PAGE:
Once again, the Congress has failed to address the issue. The political tribes have dug in; the trench warfare continues without breakout.

The problem is that we have roughly 12 million people in the country who were born elsewhere and arrived here without benefit of vetting or documentation. Most of them are from Mexico and Central America. We are not going to send them home. There aren’t enough buses.

There are three sources of the problem, all of which have an obvious mathematical component. The first two are external, but partially our fault; the third is 100% on us.

Mexico had its own baby boom, somewhat later than ours. For 30 years, a million young people a year entered the work force. Mexico is an oligarchy. A few hundred families control the society and economy. They run a closed economy for their own benefit. That system was producing about half a million new jobs a year. The remaining half a million came north across our porous border looking for sustenance.

Central America is the drug running capital of the Western Hemisphere. Lots of mountains and jungle provide concealment, and weak governments can’t enforce the law. The math involved is the enormous markup in the drug trade. The rewards are such that violent means are resorted to by those seeking to dominate the trade. As long as drugs are illegal, the markup will be there. As long as there is a huge demand from America’s users, the market will be there.

These drivers led to a situation in the 70s similar to our current impasse. The number of illegals was about 3 million. We attempted to solve the problem by granting them amnesty, with the promise that the border would be closed. The border wasn’t closed. Prospective job seekers could rightly assume that they could walk across the border and get amnesty eventually.

What should we do now?

First, lower the level of shouting. The Mexico problem has largely solved itself. Due to some liberalization of the economy and NAFTA, and due to a dramatic reduction in birth rates, there is a lot less pressure to come Norte. In 2008, 9 and 10, the flow was, on a net basis, probably southward. Border security has also improved significantly. You may have scorn for THE WALL, and the clown who wants to build it, but we need a barrier and effective enforcement all along the southern border, so we can pick our immigrants instead of them picking us. The specification of the barrier needs to vary according to the terrain, but something should be there.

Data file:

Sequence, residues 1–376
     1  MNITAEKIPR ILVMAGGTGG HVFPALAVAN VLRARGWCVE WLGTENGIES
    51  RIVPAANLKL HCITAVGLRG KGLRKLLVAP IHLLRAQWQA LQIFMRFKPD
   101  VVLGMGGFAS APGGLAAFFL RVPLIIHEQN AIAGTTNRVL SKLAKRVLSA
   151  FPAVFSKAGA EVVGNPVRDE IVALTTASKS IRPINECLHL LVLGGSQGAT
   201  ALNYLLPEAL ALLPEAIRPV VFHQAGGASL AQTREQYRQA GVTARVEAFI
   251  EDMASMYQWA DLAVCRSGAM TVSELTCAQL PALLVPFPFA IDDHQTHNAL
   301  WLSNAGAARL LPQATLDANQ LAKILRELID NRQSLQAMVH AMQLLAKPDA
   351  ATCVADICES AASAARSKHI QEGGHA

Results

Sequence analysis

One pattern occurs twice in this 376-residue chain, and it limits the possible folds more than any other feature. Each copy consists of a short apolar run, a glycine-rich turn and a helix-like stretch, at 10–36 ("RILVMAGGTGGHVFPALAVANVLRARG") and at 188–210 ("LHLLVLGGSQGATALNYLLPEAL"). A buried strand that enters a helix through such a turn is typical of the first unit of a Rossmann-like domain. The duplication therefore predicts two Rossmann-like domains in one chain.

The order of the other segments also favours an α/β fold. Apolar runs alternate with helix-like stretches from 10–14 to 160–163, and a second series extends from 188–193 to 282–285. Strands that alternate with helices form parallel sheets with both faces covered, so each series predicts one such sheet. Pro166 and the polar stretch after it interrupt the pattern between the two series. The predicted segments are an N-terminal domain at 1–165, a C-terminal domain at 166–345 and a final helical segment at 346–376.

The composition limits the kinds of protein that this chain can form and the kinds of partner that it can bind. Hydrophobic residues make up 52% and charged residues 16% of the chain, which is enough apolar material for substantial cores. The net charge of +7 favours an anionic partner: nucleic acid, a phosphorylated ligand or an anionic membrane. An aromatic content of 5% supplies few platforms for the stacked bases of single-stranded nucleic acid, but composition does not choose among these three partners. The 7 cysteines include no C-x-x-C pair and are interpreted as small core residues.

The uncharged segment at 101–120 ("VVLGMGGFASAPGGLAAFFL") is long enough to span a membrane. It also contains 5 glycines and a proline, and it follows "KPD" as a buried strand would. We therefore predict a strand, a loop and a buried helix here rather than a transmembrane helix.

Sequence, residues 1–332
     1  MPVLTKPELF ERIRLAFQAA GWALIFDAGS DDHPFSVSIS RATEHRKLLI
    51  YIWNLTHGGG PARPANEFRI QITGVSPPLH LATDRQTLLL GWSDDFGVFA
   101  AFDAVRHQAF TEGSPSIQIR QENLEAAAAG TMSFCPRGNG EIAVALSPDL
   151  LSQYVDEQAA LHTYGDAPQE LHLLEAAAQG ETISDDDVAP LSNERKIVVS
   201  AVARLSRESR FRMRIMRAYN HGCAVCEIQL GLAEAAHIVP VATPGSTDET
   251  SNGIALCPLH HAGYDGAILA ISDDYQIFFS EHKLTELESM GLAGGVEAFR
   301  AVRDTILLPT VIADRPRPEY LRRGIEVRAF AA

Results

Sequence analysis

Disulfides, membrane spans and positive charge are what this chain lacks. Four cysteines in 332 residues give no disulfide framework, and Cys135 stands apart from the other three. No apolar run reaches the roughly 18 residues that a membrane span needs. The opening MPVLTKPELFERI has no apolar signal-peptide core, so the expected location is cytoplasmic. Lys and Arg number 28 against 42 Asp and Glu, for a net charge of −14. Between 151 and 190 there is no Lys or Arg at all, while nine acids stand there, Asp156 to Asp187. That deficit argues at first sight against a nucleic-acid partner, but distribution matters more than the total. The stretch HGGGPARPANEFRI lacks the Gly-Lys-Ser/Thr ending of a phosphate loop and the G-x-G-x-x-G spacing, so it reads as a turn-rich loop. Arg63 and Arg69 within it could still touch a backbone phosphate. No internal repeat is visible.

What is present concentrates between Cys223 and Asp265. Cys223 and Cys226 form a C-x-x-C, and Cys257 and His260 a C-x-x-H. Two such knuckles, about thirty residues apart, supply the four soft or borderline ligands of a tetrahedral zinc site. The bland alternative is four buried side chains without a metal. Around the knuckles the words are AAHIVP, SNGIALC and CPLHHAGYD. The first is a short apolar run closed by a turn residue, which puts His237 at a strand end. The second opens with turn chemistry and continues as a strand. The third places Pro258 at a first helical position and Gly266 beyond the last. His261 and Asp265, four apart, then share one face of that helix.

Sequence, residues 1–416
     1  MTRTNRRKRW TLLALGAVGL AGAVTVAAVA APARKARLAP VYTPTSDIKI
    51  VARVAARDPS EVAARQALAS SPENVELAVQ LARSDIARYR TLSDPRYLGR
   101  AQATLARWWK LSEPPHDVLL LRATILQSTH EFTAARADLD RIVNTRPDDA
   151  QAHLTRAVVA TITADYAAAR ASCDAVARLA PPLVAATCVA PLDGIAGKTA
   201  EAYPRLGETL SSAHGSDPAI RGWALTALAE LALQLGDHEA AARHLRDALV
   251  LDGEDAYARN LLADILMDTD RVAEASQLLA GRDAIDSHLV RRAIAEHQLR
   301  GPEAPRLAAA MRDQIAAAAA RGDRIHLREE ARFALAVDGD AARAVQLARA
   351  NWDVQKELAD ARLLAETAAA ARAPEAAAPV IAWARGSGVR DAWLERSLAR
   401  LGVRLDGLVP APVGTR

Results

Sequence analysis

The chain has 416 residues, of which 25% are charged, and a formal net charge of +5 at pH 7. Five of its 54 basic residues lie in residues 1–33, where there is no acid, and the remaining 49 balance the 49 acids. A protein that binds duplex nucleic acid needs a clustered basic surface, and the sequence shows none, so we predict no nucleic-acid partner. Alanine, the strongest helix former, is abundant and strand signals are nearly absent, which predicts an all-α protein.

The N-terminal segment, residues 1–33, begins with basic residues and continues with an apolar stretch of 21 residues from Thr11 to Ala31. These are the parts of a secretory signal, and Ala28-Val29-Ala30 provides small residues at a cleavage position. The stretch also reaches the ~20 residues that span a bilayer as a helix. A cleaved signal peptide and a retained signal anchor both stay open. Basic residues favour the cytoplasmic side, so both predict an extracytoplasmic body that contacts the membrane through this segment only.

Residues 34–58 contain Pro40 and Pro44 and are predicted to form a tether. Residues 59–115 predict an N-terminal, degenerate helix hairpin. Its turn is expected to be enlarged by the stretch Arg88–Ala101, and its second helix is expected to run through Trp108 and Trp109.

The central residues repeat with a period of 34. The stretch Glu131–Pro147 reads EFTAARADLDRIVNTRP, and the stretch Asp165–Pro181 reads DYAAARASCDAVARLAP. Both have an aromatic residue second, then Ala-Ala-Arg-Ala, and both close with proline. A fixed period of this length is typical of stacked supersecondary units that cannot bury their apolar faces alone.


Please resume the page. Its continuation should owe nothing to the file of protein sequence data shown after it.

We need to keep the level of legal immigration to a small percentage of the population. About 1/2 of 1% would be a good goal. Throughout our history, anti-immigrant hysteria always comes with large increases in the percentage of foreign born–from wherever. Those who know better always discount the hysteria because they aren’t living next door to the immigrants, except those few who are wealthy, well educated and polite. The unwashed are supposed to get used to new sights, smells and customs without complaint.

We are desperately in need of productivity growth and the economic growth resulting therefrom. The baby boomers are leaving the work force. We have promised to support them and provide free medical care. We don’t have the money. The youth, energy, entrepreneurial drive and technical skills we could glean from a sane immigration policy would go a long way toward addressing the problem. Any foreign born STEM student in our institutions of higher education should get a free pass to citizenship. Anybody with business or technical skills should get a spot in front of the line.

We desperately need to demand that anyone seeking citizenship buy into the American dream. American nationalism is not based on tribe; it is based on ideas. New citizens need to learn English, and know the rudiments of our history and constitutional system. Diversity has some advantages, but it is not a suitable overriding goal. We can add to our heritage, but it is dangerous to civil society to have pockets of enduring foreign culture in our midst. If you want us to adopt you, you have to adopt our rules.

We need to revive the Bracero program. Of course, it will require a politically correct name, but the concept should be the same. Seasonal workers should be allowed to come north to fill jobs that most Americans won’t take. There should be minimum standards of proper compensation and treatment. Labor contractors should be prevented from ripping them off. A low cost and secure method of sending money home to their families should be in place. Their return south should be monitored. The crops need to be picked if we want that oh so organic food on our tables.

We need to limit family migration. Ted Kennedy came up with the idea to get as many Irish into the country as possible. He succeeded. Time to stop it. Spouses and children should be the limit. Other family members can get in line.

We need to vet everybody who comes to stay and everyone who seeks a visa. The world is a dangerous place. There are folks out there who want to kill us. Vetting won’t stop all of them, but it can stop some.

Finally, we need to get over the illusion of comprehensive reform. The trenches are too deep. The issue is too fertile a fund raiser and base energizer. Reforms will have to come piecemeal. Coalitions can be formed for specific reforms. Farm states want workers for the harvest. Tech states want STEM graduates. Border states want a barrier. Even in an era of extreme partisanship, some reform might be possible.